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A Thriver's Story

The Spiritual Side of Illness

I have known Cindy Greb for over 25 years and am gratified to have been able to witness her journey from diagnosis to successful living as a breast cancer ‘thriver’.

She shares her initial experience the first time she knew that something was amiss. “It was very unexpected. I had always been healthy. It was scary. The waiting to have the biopsy was the hardest part. My dear friend, Julia, who had had breast cancer about twenty years ago had said as much to me. She said that the waiting to know was the hardest part. After that, I just dealt with it. She was right. And it was a longer wait for me than for many because 1) I didn’t have insurance and so there was red tape involved in trying to get me medical assistance, and 2) I got clear I needed to change doctors and so I had to have a whole additional set of appointments, etc.

According to Cindy, “I think when any woman (or man) first suspects cancer, there is fear. No matter how much my rational mind and larger spiritual self can rationalize that ultimately all will be well, we have a tendency in this culture to associate cancer with death, and we have the tendency to be afraid of death. It was a very long process for me to work through those fears. It took me about ten months from the onset of my symptoms to come to a place of deeper peace.”

She explains: “A turning point came, once again, when I received some wisdom from my friend, Julia. She said, in essence: “Most cancers grow very slowly. You have time to make the right choice for yourself. You don’t have to hurry with your decisions. After I got that advice, I felt some palpable relief. It can feel like a whirlwind to go from symptom to primary doctor to mammogram to specialist to ultrasound to other doctors, etc. And the surgeon I was initially sent to essentially told me “this is what we are going to do.” That did NOT sit well with me, although I was too shell-shocked and, surprisingly, timid to question him at the time. But a day or two later, I eventually came to the realization that I needed to take some time to sit with my feelings and decide a proper course of action. I actually took myself to the shore so I could have some “time apart.” Once I did that, my next course of action became clear to me. And first on the list was to get a new doctor.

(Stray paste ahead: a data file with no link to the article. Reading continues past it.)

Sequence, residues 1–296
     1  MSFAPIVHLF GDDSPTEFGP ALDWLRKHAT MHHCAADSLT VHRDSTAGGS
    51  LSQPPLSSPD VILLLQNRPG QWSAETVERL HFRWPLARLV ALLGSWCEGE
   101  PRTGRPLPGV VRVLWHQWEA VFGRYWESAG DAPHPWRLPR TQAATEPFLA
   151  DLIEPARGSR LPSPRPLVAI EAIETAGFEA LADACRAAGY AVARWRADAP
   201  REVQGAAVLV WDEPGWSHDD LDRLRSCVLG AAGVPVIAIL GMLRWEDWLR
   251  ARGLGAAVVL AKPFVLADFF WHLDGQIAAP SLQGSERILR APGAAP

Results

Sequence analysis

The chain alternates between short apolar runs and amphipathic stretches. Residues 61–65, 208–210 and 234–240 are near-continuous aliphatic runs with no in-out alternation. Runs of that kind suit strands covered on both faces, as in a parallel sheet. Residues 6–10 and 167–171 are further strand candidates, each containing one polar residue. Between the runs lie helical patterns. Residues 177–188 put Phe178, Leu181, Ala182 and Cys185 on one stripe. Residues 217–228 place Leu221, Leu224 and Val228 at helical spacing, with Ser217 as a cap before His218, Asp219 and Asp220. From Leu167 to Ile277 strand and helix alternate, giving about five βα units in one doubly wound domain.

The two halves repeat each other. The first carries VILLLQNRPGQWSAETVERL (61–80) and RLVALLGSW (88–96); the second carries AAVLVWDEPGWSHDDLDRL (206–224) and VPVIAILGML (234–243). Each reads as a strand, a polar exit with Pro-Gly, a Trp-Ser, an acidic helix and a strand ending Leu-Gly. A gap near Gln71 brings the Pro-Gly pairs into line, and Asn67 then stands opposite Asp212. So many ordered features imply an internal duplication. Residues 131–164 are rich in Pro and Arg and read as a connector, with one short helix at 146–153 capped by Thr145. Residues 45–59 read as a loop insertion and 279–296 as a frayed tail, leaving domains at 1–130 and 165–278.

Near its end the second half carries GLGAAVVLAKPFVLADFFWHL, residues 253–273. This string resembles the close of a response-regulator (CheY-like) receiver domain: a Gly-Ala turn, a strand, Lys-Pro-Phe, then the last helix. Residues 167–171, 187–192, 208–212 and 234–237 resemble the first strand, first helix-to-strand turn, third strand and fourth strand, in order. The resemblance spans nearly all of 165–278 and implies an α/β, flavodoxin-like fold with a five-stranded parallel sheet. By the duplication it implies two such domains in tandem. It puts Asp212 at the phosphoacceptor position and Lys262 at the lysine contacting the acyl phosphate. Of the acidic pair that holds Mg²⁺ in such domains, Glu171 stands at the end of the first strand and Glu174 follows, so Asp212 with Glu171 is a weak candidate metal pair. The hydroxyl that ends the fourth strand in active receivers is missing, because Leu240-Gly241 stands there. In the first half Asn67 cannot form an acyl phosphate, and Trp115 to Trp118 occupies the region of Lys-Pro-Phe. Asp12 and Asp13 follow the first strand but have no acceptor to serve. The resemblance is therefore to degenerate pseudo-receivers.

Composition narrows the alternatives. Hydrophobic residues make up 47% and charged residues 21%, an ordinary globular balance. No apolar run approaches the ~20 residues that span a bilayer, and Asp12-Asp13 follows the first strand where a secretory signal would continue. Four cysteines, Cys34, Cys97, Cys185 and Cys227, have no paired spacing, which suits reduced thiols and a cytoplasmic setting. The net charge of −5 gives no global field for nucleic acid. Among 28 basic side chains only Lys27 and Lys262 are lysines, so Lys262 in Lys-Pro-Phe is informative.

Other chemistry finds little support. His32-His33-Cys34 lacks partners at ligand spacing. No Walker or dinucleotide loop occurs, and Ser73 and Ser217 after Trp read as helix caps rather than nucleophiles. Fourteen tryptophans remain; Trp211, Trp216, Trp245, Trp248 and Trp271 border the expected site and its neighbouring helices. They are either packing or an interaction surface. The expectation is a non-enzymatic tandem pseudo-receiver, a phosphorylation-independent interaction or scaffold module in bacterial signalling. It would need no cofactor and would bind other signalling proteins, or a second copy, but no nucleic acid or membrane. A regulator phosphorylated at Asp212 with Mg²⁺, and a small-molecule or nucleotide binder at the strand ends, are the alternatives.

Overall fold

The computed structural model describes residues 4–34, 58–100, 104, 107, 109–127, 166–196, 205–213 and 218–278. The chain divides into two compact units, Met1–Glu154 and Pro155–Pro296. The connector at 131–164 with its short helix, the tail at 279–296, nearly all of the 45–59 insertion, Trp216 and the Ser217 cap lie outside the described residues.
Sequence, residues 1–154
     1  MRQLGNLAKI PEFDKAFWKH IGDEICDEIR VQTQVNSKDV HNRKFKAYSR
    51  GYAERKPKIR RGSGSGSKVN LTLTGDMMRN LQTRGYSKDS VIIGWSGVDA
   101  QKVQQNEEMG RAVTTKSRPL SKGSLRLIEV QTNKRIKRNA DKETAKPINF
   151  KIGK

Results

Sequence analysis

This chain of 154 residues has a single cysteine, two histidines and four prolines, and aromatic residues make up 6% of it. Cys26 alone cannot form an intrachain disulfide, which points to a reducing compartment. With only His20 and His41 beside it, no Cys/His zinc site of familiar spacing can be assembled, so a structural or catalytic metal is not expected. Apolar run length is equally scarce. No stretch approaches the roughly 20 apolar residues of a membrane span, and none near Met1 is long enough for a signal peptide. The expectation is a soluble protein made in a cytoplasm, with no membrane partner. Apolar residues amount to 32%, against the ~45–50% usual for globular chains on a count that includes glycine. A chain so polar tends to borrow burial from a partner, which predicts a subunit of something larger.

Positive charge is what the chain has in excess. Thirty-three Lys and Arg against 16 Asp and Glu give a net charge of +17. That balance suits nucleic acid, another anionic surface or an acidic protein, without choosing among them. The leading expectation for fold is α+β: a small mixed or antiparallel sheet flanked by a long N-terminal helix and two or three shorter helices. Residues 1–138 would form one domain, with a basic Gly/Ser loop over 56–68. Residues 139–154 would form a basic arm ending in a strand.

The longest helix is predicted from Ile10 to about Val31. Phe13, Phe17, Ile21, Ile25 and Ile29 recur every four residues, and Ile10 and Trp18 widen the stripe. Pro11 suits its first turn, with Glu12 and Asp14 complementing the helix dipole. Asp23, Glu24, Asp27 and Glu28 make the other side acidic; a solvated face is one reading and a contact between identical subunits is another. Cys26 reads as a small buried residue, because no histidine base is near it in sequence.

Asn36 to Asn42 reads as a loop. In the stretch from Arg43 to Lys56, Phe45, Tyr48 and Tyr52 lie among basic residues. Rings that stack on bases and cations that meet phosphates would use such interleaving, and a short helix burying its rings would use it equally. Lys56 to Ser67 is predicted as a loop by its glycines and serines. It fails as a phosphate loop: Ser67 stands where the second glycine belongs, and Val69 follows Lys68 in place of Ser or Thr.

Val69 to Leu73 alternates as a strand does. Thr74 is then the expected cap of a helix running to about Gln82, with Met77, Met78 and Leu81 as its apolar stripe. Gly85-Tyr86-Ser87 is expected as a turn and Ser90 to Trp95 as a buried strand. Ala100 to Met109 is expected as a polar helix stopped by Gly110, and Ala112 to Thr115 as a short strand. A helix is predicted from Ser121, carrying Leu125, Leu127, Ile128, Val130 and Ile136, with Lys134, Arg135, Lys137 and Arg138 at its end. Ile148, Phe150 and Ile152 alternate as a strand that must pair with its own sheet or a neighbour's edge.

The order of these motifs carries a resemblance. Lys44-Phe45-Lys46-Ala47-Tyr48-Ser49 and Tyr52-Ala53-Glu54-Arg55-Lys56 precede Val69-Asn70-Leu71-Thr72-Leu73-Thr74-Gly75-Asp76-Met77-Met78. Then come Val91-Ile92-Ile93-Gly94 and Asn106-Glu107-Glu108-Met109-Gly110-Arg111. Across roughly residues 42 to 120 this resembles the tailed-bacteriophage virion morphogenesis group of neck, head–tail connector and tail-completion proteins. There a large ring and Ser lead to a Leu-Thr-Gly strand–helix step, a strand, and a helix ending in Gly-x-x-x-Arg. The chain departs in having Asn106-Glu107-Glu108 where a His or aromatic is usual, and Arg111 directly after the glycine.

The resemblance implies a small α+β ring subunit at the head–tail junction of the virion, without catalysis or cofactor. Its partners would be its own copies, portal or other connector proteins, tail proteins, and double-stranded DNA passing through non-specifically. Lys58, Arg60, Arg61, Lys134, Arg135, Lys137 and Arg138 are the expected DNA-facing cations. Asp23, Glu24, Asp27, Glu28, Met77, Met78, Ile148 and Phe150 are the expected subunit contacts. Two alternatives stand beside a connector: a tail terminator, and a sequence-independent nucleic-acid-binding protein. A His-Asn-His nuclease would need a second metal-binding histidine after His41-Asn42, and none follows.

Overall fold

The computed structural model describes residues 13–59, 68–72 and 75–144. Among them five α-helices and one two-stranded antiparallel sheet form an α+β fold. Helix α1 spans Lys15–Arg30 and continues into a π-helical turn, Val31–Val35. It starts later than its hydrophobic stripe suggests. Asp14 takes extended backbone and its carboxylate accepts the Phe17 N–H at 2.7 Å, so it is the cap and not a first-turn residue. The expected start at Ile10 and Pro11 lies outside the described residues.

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Edie Weinstein
Related Topics: Breast Cancer

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